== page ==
The 13th annual Edelman Trust Barometer again showed the banking and financial services industries as those least trusted by respondents, while the technology industry topped the list. Separately, Oliver Wyman released a report on the financial services industry entitled “A Money and Information Business”. What can bankers learn from these reports, and how can they apply the lessons to improve trust in banking?
Nearly any public discussion of this topic, particularly one outside the industry, will focus on the need to create strong rules, enforce them swiftly and surely and punish violators. For the sake of discussion, let’s say that those elements are put into place and that your particular firm has a strong culture of ethics and compliance, and strong internal controls. That may help, as 25% of survey respondents perceived “corruption” as a primary cause of the industry’s recent scandals, but will that be enough to rebuild trust?
Not according to Edelman, which lists 16 specific attributes grouped by into five of what they call “performance clusters”, including Engagement, Integrity, Products & Services, Purpose and Operations, ranked in order of importance. In other words, operating fairly, ethically and within the law is necessary (and hopefully obvious), but insufficient to rebuild trust in an entire industry.
Opportunity in Privacy and Security
The lone bright spot for the banking industry on the survey was “ensuring the privacy & security of customers’ personal information”, an area where the tech industry has had a few challenges. Malware, privacy concerns, data breaches and system outages have largely been isolated and contained, but will these areas will need constant vigilance by all industries. But for the most part, people trust technology even more today than in the past, and this is also reflected in the survey results.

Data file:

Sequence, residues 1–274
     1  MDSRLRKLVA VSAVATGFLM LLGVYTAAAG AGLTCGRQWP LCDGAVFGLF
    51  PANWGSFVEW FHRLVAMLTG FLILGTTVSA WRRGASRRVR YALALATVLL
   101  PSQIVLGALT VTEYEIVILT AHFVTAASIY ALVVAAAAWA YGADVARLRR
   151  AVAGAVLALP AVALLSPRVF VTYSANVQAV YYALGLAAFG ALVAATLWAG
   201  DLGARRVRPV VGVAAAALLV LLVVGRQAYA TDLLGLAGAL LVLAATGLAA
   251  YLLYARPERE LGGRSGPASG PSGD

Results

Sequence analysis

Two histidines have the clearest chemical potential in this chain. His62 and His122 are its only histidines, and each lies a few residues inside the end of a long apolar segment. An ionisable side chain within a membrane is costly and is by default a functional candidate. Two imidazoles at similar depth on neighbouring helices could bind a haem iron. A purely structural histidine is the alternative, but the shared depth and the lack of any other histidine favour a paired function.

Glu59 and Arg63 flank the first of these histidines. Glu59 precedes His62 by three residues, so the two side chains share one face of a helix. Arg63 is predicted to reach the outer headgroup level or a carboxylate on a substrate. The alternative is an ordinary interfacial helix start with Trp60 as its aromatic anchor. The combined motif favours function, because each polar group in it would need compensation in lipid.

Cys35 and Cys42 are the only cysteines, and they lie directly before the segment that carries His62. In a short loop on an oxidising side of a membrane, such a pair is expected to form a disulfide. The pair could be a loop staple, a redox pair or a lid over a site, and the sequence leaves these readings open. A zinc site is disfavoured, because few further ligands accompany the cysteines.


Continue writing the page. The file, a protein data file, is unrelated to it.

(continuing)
Think of the slow initial adoption rates of online banking, bill pay, PFM and other services. The major concern was the sharing of personal data, but this has been allayed for many because of repeated positive experiences by users and by ongoing improvements in technology and security.
Money versus Information
The Oliver Wyman report concentrated on a change in the balance of money and information over the past 20 years. Key characteristics of money in the financial services industry (risk-free rates, the level recent losses and leverage) have moved from high to low, while key characteristics of information (cost of producing and storing, the level of data coverage and the usability to make decisions) have move from high to low.
The result is a long list of opportunities to leverage the power of information to improve profitability, target better advice and offers to customers, better understand client behavior and price sensitivities and assess and manage risks better.
Could leveraging these capabilities in banking help improve the public perception of trust and responsiveness? Maybe. Topping the Edelman list of performance clusters in importance is “Listens to Customer Needs and Feedback”, an area where the tech industry generally seems to be perceived as strong. It is also an area where some in the banking industry have revealed a tin ear. Unpopular rules and practices around overdrafts, debit card fees and foreclosures have met with loud resistance that seemed surprising to some within the industry.
Ben Boyd, global chair of Edelman’s corporate practice believes that the tech industry is perceived as forward-looking, with “competitively priced products that improve the quality of people’s lives”. This is a potential area to build on. Banking products can help make small businesses thrive, help people save for education and retirement, and help finance the purchase of family homes.
Technology can certainly help, but the important thing will be to stay customer-focused and work on solving problems that people care about.